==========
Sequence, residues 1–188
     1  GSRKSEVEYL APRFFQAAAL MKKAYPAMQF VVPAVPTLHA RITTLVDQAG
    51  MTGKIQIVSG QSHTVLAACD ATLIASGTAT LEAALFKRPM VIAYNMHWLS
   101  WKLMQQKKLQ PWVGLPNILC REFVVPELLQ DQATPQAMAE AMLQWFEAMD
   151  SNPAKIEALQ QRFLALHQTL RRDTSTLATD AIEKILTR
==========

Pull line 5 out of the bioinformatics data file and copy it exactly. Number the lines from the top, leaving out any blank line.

   151  SNPAKIEALQ QRFLALHQTL RRDTSTLATD AIEKILTR